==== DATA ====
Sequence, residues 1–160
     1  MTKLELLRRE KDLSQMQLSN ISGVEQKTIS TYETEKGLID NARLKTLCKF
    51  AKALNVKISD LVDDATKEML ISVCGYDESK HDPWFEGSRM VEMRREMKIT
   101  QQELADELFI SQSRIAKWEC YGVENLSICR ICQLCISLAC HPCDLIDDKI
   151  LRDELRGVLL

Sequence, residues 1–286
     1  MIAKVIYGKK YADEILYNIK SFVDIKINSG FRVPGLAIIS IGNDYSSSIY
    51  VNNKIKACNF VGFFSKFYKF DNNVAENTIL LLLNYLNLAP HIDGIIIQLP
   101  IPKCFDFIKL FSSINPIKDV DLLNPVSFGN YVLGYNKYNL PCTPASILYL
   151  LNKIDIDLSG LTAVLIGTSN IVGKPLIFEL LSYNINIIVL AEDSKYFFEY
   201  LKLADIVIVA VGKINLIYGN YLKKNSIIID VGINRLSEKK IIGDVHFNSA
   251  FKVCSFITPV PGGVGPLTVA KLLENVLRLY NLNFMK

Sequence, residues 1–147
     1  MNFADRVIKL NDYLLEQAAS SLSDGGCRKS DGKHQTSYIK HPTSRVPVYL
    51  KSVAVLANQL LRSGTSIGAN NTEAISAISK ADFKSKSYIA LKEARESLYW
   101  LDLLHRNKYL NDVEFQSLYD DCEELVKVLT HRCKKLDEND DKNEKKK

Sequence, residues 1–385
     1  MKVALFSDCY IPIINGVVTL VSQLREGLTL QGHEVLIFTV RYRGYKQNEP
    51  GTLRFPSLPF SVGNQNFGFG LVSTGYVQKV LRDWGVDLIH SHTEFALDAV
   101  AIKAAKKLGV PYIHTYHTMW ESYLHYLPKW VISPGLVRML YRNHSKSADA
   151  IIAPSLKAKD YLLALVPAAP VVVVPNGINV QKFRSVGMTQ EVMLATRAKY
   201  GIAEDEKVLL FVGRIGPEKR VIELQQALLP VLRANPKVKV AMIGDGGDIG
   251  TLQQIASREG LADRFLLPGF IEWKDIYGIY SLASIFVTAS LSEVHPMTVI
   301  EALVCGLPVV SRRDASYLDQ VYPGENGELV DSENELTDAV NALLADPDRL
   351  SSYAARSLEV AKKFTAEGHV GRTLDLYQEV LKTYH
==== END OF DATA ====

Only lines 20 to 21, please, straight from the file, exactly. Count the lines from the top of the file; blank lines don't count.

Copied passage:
   101  AIKAAKKLGV PYIHTYHTMW ESYLHYLPKW VISPGLVRML YRNHSKSADA
   151  IIAPSLKAKD YLLALVPAAP VVVVPNGINV QKFRSVGMTQ EVMLATRAKY